By Allison Stephens, World Ark contributor
Last year, after some prompting from her mom, Elyse Gordon entered the Pass on the Gift in Peru sweepstakes for a weeklong trip for two to the ancient Incan Empire capital of Cuzco, Peru. The winner would visit and work with Heifer International’s alpaca farmers as they cared for their animals, tended their pastures and marketed the fine wool their animals produced.
The sweepstakes was sponsored by Garnet Hill, a socially responsible women’s and home goods retailer that champions human rights standards in their supply chain. Upon learning that she won the trip, Gordon invited her mother to come along and the pair started prepping for a life-changing trip. Gordon lives in Seattle and is pursuing a doctorate in human geography.
WORLD ARK: What were your expectations for this trip?
ELYSE GORDON: I was well prepped for this trip by the Heifer International team, and so had clear expectations. I was excited to get to meet some of the communities where Heifer Peru projects take place. I expected to get to interact, ask questions, learn about the projects, share meals and learn about what it’s like to live in the Andes. I also expected to learn about Heifer International’s work, their vision and their structure. Finally, since I was traveling with my mom, I was incredibly excited to share the experience of traveling with her. She is new to international travel, and so I was effectively her guide for this experience.
WORLD ARK: How did the experience of meeting Heifer families shape your impression of Heifer International?
ELYSE GORDON: Meeting Heifer families was integral to shaping my understanding of the work. Rather than a behemoth aid organization, Heifer’s work revolves far more around individual connections: between Heifer staff and recipients, between project promoters and project donors, and between families. I left with a profound respect for how resilient and cohesive the communities seemed. It was not about increasing market value alone. It was about increasing social capital, social connection, knowledge, resilience and pride in families’ contributions and crafts.
What stands out as the most unique interaction when visiting with the Heifer families?
At the end of our visit to Pitumarca, I had the opportunity to dance with a lovely woman as the local musicians played a traditional song on flute and drum. I tried to follow her lead and dance the dance as she did. We didn’t say a word, but I felt intimately connected to the tradition of that place, those people, and her family. How many times had she danced like this with her husband? Her children? A friend?
Those hands I held, how many skeins of wool had they spun? How many pounds of alpaca wool had she sorted through? How many meals had she prepared? Also, I was incredibly winded, despite it being a fairly slow dance. Recognizing how hard the community and families must work, at elevation, with intense sun and wind conditions, reminded me how different my primarily-desk-job is.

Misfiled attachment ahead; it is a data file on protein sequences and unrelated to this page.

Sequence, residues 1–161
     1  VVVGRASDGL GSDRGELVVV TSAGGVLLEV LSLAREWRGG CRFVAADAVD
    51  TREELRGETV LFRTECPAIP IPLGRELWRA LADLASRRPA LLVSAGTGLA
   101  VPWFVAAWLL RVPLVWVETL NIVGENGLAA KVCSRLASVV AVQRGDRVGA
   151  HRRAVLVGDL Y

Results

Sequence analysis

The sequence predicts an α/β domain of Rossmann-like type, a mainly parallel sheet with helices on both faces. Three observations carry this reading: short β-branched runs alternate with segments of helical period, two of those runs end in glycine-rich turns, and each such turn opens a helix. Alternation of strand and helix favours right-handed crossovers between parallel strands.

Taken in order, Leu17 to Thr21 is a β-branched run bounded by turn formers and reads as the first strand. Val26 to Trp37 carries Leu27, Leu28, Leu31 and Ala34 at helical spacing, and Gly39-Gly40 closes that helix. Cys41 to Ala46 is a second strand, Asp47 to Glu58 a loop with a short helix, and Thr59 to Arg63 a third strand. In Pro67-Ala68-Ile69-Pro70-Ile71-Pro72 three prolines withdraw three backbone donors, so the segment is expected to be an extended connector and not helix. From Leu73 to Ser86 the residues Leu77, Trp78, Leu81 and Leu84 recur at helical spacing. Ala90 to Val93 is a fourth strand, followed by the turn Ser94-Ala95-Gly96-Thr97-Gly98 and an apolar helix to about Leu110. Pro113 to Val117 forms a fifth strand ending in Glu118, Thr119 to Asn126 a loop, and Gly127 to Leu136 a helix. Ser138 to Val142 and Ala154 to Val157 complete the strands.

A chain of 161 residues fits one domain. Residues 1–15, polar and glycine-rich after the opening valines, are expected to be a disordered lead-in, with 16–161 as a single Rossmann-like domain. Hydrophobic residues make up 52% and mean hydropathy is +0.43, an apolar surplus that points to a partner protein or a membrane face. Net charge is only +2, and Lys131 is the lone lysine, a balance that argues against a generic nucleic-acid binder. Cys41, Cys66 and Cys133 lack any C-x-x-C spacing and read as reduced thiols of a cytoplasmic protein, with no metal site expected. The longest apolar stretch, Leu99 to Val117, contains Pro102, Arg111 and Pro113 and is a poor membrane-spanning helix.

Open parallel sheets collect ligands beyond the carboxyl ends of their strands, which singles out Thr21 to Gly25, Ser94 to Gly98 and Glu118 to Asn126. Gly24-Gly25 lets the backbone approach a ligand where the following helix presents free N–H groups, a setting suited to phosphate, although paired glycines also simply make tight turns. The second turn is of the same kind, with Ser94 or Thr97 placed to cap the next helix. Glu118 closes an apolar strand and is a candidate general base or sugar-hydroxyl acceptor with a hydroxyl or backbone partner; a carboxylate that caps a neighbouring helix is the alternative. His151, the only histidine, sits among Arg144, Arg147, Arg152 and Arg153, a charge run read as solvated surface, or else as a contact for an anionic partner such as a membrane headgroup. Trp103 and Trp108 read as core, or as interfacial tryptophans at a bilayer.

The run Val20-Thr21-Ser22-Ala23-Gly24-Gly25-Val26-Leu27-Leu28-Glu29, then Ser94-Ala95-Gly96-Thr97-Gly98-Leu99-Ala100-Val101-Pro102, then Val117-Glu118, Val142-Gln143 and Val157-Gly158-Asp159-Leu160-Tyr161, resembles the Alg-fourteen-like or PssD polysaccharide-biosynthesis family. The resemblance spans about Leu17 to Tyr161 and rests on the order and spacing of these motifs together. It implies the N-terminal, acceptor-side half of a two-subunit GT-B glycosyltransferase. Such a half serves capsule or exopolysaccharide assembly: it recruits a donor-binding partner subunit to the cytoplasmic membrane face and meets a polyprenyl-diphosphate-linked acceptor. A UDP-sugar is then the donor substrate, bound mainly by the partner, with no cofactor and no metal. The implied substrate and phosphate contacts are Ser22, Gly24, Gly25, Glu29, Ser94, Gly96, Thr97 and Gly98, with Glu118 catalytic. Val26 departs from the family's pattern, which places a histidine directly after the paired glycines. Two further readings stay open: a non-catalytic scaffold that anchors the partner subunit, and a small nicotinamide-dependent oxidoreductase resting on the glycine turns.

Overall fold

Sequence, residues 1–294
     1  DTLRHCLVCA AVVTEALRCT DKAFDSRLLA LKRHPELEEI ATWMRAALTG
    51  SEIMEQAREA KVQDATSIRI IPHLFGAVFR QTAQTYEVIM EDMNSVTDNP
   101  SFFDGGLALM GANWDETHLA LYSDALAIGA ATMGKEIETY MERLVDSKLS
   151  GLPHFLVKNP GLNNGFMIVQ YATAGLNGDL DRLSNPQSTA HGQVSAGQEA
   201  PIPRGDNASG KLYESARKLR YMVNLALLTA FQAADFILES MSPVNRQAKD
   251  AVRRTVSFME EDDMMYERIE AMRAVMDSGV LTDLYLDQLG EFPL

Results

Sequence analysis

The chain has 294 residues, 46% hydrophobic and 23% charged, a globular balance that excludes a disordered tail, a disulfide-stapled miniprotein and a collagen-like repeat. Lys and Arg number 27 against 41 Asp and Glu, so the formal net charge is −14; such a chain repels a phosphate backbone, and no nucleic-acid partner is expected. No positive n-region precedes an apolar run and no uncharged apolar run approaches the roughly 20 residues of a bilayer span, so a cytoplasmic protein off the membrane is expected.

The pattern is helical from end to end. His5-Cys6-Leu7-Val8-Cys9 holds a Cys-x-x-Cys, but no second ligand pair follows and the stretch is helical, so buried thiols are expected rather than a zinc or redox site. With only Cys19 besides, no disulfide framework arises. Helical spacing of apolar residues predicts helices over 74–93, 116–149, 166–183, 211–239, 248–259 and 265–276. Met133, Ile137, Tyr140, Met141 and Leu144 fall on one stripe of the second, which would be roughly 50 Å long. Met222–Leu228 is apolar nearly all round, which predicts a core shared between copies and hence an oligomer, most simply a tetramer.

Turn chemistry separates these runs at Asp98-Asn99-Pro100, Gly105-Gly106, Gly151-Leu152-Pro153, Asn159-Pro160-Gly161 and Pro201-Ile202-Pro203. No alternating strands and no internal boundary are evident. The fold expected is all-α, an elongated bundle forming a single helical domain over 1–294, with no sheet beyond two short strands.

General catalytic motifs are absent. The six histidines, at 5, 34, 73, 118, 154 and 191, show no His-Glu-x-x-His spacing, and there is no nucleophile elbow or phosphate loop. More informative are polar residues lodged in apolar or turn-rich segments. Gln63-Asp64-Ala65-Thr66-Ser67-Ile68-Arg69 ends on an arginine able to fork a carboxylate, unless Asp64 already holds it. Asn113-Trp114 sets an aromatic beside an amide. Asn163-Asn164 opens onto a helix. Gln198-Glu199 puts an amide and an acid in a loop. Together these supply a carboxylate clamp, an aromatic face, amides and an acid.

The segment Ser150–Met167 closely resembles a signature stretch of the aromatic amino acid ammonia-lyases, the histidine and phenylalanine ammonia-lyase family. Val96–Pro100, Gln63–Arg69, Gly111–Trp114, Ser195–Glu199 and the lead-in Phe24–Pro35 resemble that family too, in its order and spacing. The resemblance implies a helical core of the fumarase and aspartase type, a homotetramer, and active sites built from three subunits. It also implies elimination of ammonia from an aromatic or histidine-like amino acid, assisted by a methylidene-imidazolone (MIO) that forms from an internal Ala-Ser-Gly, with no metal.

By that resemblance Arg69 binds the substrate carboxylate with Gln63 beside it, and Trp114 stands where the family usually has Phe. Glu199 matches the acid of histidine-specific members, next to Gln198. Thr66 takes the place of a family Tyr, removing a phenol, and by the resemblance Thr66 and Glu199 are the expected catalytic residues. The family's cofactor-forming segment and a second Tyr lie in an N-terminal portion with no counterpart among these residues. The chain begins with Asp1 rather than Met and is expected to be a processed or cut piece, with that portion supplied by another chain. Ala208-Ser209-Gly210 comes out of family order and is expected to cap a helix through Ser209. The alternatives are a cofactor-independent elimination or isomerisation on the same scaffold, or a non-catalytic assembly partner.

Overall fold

Was this your first time around alpacas? What did you find most interesting about them?
This was indeed my first time around alpacas! I had no idea that they hummed to communicate. I also learned about how the alpacas are selected for breeding. I was intrigued to learn about the breeding process, particularly around keeping the colors of wool pure.
In Upis, farmers had successfully isolated gray wool, which has taken a number of years. This was so amazing! I was inspired by their pride for the craft,for the process, and for their immense knowledge.
Did you witness anything that surprised you? Humbled you? Puzzled you?
I think the easy answer to this question is that I was humbled by the immense generosity of the communities we visited, despite the fact that they are, by many standards, significantly impoverished communities. However, I want to push myself to go a bit deeper. I see the world through the lens of relationships, connection and community.
On our first night in Cuzco, we were joined at dinner by Oscar Aragon, one of the Cuzco-based Heifer Peru staff. He is a veterinarian and specializes in alpacas. He was rather quiet that night, and I didn’t learn much about him. As the trip continued, we saw Oscar shine in his element as the vet and alpaca expert.
At the end of the trip, my mother and I extended our visit a bit. I had asked Oscar for recommendations for his favorite local restaurants in Cuzco. Rather than just suggest a place, he offered to accompany us. Initially, I was nervous: I spoke no Spanish, and Oscar spoke limited English. We all exerted an immense amount of effort to communicate, but it was wonderful. I was grateful and humble for Oscar’s willingness to take time out of his Saturday to dine with two visitors. He is an incredibly kind soul, and his contributions to Heifer’s work are invaluable.
I was most taken and struck by how simple relationships, just taking the time to sit with someone, is how we make connections and find commonalities.